Published: 20 March 2024  (Updated: 20 March 2024)

Smile! Kick-start healthier habits this World Oral Health Day

It's World Oral Health Day on 20 March. CTPA recently spoke to Dr Nigel Carter OBE, Chief Executive of the Oral Health Foundation about whether the UK’s oral health is anything to smile about - and how we can adopt healthier habits.


World Oral Health Day is approaching - but is the UK’s oral health in good shape?

While many people in the UK will have brilliant oral health habits, research suggests that there is plenty of room for improvement. For example, while most of us know that brushing twice a day is recommended, around a third of people don’t currently follow this advice. Similarly, while we should change our toothbrush every three months, at the moment many people are only changing their toothbrush once or twice a year.

Using mouthwash can also be incredibly beneficial to good oral health but at the moment only around a third of us use it (34%) so that’s another good oral health habit that many more people could adopt.


How regularly should people visit their dentist?

That’s a great question because until relatively recently people were encouraged to see their dentists at very specific intervals. Every six months for adults and every four months for children. Today dentists have moved to a health-based model, where how regularly you’re advised to see your dentist is determined by the health of your teeth and gums. Someone with active gum disease, for instance, might be advised to have more frequent check-ups.

This health-based approach is sensible because dentists have more time to spend with patients that need extra attention. However, it does also mean that their opportunities to influence their other patients’ oral health and hygiene is more limited than it used to be. They may only see many of their patients once a year, or even more infrequently. With this in mind, it’s more important than ever for people to take responsibility for their own oral health.


What should people do to take care of their teeth and gums?

There are three simple oral health habits that can make a huge difference:

  1. Brush twice a day with a fluoride toothpaste.
  2. Cut down on sugary food and drinks.
  3. Visit the dentist as often as they advise you to.

There are of course lots of other helpful changes you can make, such as using mouthwash and chewing sugar-free gum between meals. But if you are looking for the best places to start, those would be my top three suggestions.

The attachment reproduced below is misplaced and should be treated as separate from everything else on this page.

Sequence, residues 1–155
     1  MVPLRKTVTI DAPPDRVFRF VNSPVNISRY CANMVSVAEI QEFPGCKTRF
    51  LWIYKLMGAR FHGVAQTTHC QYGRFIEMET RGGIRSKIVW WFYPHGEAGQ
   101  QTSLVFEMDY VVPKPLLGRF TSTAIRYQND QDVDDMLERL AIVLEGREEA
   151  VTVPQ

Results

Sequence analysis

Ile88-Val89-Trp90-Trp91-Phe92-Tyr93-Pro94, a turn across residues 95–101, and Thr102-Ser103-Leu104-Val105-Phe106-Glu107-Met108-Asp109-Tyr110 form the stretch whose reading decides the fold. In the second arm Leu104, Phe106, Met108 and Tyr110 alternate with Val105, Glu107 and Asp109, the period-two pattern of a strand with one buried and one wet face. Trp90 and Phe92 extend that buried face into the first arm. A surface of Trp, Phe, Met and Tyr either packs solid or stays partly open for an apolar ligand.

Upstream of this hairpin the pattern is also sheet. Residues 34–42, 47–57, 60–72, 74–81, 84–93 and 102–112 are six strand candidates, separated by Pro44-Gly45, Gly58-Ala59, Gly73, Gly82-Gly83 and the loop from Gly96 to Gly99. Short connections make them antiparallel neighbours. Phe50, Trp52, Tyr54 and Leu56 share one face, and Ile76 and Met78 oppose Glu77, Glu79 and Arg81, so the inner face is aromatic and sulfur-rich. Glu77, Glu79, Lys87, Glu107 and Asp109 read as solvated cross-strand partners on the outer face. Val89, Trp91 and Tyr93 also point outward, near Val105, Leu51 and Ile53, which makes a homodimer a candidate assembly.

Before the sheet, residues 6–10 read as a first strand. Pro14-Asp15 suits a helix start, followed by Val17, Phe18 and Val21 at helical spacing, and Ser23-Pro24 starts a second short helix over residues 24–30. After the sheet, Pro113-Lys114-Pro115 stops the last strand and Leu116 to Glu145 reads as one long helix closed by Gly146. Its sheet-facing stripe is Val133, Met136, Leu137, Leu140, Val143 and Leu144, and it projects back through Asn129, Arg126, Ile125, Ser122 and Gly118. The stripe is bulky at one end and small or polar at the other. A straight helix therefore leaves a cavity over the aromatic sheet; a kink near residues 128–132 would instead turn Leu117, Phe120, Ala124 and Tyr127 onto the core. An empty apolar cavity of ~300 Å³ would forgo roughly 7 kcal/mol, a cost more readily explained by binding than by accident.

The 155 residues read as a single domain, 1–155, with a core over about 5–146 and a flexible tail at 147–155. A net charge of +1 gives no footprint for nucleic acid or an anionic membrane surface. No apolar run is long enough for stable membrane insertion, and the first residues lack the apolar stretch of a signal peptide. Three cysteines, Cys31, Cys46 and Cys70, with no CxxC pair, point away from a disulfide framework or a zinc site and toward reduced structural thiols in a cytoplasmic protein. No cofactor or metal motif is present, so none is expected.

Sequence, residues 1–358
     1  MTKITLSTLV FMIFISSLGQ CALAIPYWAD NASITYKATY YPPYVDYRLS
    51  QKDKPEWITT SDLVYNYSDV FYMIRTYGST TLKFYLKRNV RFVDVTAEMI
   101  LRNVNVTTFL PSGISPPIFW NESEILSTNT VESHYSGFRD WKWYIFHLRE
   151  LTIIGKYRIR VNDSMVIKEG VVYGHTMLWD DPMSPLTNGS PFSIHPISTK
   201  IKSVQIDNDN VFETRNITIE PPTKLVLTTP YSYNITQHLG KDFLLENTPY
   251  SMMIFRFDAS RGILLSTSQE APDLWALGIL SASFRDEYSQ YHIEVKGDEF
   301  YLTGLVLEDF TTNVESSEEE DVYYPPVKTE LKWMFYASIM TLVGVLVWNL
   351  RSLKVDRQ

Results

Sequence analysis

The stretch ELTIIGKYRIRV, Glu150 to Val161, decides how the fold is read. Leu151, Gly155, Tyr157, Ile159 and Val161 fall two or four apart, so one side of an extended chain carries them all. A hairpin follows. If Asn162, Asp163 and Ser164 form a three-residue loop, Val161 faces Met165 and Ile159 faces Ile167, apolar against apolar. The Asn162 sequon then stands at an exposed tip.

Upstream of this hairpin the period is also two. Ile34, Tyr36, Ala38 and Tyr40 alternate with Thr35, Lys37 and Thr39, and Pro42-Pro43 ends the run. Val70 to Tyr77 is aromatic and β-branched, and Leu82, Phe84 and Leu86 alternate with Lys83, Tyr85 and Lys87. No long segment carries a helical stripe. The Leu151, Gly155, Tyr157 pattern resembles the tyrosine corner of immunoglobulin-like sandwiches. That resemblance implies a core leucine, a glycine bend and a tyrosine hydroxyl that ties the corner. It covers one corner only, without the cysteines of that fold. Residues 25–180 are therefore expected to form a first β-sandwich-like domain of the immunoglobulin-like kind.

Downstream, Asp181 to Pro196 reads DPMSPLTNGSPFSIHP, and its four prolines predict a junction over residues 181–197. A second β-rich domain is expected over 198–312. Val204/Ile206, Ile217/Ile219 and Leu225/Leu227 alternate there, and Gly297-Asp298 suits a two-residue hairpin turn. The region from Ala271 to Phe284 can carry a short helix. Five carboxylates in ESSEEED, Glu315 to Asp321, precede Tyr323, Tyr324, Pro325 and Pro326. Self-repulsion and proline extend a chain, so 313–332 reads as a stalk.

Do you have any advice for parents or carers who are looking after children’s teeth?

In addition to the above I’d encourage parents and carers to spend a whole two minutes brushing their children’s teeth, twice a day. That may feel like quite a long time in a very small mouth, but as well as supporting healthy teeth and gums, they are helping their children to create helpful oral health habits that will last a lifetime. It means as children grow and start to brush their own teeth, they know how long they should brush them for.

I would also suggest that parents and carers supervise brushing their children’s teeth up to age seven. After that, the child might gradually start to brush their own teeth with the adult’s support. There are all sorts of helpful tricks and tools to keep children motivated too, such as using an egg-timer or a special phone app that shows how long they should brush for.


Why does good oral health matter?

There’s a huge body of research that shows that you can’t have good general health without good oral health. Unfortunately, gum disease is associated with many very serious health issues, from poor pregnancy outcomes to cardiovascular disease. Studies also show that people with poor gum health are more likely to develop diabetes. It’s really important for people to understand that poor oral health has implications far beyond our smiles - which is why it’s worth kick-starting those healthier habits today.


Where can people find more information on oral health?

Speak to your dentist who’ll be able to give you lots of tips and advice based on your individual needs. You can also find lots of general advice and information on the Oral Health Foundation’s website:


Read more on oral care: CTPA Welcomes Policies from Political Parties on Improving Teeth and Gum Health in the UK

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